Corporate_Finance_9th_edition_Solutions_Manual_FINAL0

25 the exposure of the short position is completely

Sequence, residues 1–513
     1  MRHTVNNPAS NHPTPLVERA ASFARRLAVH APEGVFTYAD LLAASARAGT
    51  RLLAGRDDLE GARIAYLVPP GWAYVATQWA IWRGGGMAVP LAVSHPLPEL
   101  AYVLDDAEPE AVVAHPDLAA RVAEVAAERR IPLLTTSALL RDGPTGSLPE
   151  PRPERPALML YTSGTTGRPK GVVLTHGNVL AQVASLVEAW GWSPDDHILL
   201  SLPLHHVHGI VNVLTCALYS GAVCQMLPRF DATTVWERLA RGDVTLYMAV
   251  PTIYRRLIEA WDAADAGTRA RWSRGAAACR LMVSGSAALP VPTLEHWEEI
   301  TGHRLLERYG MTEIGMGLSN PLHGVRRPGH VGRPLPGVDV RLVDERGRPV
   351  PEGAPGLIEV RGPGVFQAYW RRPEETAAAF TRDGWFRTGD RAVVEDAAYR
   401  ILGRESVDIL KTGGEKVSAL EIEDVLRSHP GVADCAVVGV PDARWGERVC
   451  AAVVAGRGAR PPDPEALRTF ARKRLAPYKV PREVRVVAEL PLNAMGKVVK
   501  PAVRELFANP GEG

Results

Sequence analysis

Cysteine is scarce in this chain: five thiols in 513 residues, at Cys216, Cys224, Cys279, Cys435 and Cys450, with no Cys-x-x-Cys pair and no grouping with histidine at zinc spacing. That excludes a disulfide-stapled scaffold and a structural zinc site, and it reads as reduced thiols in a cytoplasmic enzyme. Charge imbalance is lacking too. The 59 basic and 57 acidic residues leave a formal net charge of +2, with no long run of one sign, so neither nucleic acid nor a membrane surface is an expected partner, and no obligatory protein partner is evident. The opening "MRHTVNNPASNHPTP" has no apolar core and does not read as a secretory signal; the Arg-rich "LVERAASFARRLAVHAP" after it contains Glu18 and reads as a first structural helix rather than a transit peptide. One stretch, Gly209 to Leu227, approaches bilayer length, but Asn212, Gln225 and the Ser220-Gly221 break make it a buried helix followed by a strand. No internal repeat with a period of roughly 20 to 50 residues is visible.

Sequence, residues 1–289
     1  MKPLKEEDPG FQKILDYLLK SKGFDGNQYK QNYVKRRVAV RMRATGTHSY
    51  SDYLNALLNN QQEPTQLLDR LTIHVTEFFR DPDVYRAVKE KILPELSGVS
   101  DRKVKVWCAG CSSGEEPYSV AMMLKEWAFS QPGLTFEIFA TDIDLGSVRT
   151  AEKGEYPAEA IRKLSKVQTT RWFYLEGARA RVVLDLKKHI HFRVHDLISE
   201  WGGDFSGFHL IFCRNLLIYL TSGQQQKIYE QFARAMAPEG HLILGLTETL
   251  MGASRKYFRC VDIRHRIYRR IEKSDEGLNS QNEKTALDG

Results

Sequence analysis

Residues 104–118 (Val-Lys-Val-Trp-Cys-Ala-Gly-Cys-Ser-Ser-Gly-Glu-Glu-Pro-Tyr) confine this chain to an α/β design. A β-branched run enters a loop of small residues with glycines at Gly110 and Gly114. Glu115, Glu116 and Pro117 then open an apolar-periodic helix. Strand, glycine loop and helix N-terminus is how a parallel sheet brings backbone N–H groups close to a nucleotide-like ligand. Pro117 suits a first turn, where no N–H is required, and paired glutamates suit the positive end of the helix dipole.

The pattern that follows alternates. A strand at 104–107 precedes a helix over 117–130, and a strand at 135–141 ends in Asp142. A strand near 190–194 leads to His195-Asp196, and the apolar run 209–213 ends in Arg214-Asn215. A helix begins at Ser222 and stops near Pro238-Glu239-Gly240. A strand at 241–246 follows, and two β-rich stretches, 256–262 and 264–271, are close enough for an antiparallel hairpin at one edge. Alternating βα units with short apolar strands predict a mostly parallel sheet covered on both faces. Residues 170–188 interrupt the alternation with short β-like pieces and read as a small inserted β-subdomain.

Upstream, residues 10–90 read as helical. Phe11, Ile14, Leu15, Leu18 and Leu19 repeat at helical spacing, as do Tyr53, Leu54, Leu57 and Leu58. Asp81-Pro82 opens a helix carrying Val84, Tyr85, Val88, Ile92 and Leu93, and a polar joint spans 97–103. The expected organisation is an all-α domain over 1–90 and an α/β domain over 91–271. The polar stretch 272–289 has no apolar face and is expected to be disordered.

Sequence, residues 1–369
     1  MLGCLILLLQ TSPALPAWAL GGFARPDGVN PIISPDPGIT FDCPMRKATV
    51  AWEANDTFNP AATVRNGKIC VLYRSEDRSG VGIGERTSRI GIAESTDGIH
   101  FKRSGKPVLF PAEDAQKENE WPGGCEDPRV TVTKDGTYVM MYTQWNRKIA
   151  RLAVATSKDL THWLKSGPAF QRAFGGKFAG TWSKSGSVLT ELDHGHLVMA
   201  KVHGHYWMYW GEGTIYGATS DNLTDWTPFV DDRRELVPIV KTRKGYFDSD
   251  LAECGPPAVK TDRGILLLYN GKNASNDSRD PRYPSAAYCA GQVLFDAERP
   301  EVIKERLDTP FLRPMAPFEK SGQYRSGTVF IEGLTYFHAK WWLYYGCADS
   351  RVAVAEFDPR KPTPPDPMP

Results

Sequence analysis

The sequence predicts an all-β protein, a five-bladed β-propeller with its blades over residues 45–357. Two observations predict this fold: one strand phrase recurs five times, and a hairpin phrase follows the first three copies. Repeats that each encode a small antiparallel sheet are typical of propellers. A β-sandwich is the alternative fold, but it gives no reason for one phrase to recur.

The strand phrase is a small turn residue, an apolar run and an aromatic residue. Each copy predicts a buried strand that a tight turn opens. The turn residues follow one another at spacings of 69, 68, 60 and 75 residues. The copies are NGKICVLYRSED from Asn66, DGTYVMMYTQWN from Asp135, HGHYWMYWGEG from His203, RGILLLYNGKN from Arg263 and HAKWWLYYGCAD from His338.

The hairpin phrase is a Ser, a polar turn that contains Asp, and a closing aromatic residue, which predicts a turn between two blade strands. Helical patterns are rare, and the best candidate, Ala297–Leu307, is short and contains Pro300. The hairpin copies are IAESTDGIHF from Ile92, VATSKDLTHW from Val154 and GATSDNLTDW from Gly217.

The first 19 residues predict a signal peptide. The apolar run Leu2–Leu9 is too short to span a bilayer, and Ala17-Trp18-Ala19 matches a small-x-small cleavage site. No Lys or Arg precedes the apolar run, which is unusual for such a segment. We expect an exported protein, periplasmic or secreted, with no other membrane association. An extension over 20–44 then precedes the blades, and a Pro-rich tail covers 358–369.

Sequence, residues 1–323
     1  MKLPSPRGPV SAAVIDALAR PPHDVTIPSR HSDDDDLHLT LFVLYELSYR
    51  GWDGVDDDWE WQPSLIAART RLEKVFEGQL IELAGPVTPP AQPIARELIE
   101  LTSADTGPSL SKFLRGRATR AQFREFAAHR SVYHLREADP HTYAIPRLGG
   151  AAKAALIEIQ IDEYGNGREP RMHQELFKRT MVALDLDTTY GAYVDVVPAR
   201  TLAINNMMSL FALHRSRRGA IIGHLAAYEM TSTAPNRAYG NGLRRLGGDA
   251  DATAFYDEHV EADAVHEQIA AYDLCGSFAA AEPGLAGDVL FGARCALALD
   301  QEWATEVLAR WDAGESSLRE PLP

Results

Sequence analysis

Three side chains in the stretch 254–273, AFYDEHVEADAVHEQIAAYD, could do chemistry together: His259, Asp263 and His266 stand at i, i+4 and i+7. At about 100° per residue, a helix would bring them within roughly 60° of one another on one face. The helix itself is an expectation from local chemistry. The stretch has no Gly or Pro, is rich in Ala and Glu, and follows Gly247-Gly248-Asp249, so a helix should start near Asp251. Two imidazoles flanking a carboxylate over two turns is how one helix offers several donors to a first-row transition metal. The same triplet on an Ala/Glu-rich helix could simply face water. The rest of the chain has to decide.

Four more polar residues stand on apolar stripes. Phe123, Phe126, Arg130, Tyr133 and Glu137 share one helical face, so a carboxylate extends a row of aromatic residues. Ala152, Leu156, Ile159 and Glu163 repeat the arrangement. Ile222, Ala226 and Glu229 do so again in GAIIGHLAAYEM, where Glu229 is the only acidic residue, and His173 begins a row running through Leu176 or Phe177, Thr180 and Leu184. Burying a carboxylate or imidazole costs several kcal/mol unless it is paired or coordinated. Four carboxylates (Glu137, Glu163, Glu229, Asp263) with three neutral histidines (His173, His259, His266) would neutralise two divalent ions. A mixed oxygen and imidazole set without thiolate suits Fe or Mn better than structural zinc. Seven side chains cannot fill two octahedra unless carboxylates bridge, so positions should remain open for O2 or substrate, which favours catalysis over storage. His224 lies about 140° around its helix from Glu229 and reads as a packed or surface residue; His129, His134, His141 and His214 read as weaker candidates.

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Unformatted text preview: ftertax savings Lease payment Tax benefit Net cash flows –$27,000 9,180 –$17,820 Year 1 $7,920 –$27,000 9,180 –$9,900 Year 2 $7,920 –$27,000 9,180 –$9,900 Year 3 $7,920 –$27,000 9,180 –$9,900 Year 4 $7,920 –$27,000 9,180 –$9,900 Year 5 $7,920 $7,920 The amount the company borrows and the repayment schedule are irrelevant since the company maintains a target debt-equity ratio. So, the cash flows from buying the machine will be: Cash flows from purchasing: Aftertax cost savings = $20,000(1 – .34) Aftertax cost savings = $13,200 And the deprecation tax shield will be: Depreciation tax shield = ($150,000 / 5)(.34) Depreciation tax shield = $10,200 Year 0 Aftertax savings Purchase Dep. tax shield Net cash flows –150,000 –$150,000 10,200 $23,400 10,200 $23,400 10,200 $23,400 10,200 $23,400 10,200 $23,400 Year 1 $13,200 Year 2 $13,200 Year 3 $13,200 Year 4 $13,200 Year 5 $13,200 Now we can calculate the incremental cash flows from leasing versus buying by subtracting the net cash flows from buying from the net cash flows from leasing. The incremental cash flows from leasing are: Year 0 $132,180 Year 1 –$33,300 Year 2 –$33,300 Year 3 –$33,300 Year 4 –$33,300 Year 5 –$15,480 Lease – Buy The aftertax discount rate is: Aftertax discount rate = .10(1 – .34) Aftertax discount rate = .0660 or 6.60% So, the NAL of leasing is: NAL = $132,180 – $33,300(PVIFA6.60%,4) – $15,480 / 1.0665 NAL = $7,114.14 Since the NAL is positive, the company should lease the equipment. 435 b. As long as the company maintains its target debt-equity ratio, the answer does not depend upon the form of financing used for the direct purchase. A financial lease will displace debt regardless of the form of financing. The amount of displaced debt is the PV of the incremental cash flows from year one through five. PV = $33,300(PVIFA6.60%,4) + $15,480 / 1.06605 PV = $125,065.86 c. 436 CHAPTER 22 OPTIONS AND CORPORATE FINANCE Answers to Concept Questions 1. A call option confers the right, without the obligation, to buy an asset at a given price on or before a given date. A put option confers the right, without the obligation, to sell an asset at a given price on or before a given date. You would buy a call option if you expect the price of the asset to increase. You would buy a put option if you expect the price of the asset to decrease. A call option has unlimited potential profit, while a put option has limited potential profit; the underlying asset’s price cannot be less than zero. a. b. c. d. The buyer of a call option pays money for the right to buy.... The buyer of a put option pays money for the right to sell.... The seller of a call option receives money for the obligation to sell.... The seller of a put option receives money for the obligation to buy.... 2. 3. An American option can be exercised on any date up to and including the expiration date. A European option can only be exercised on the expiration date. Since an American option gives its owner the right to exercise on any date up to and including the expiration date, it must be worth at least as much as a European option, if not more. The intrinsic value of a call is Max[S – E, 0]. The intrinsic value of a put is Max[E – S, 0]. The intrinsic value of an option is the value at expiration. The call is selling for less than its intrinsic value; an arbitrage opportunity exists. Buy the call for $10, exercise the call by paying $35 in return for a share of stock, and sell the stock for $50. You’ve made a riskless $5 profit. The prices of both the call and the put option should increase. The higher level of downside risk still results in an option price of zero, but the upside potential is greater since there is a higher probability that the asset will finish in the money. False. The value of a call option depends on the total variance of the underlying asset, not just the systematic variance. The call option will sell for more since it provides an unlimited profit opportunity, while the potential profit from the put is limited (the stock price cannot fall below zero). The value of a call option will increase, and the value of a put option will decrease. 4. 5. 6. 7. 8. 9. 10. The reason they don’t show up is that the U.S. government uses cash accounting; i.e., only actual cash inflows and outflows are counted, not contingent cash flows. From a political perspective, they would make the deficit larger, so that is another reason not to count them! Whether they should be included depends on whether we feel cash accounting is appropriate or not, but these contingent liabilities should be measured and reported. They currently are not, at least not in a systematic fashion. 11. Increasing the time to expiration increases the value of an option. The reason is that the option gives the holder the right to buy or sell. The longer the holder has that right, the more time there is for the option to increase (or decrease in the case of a put) in value. For example, imagine an out-of-themoney option that is about to expire. Because the opti...
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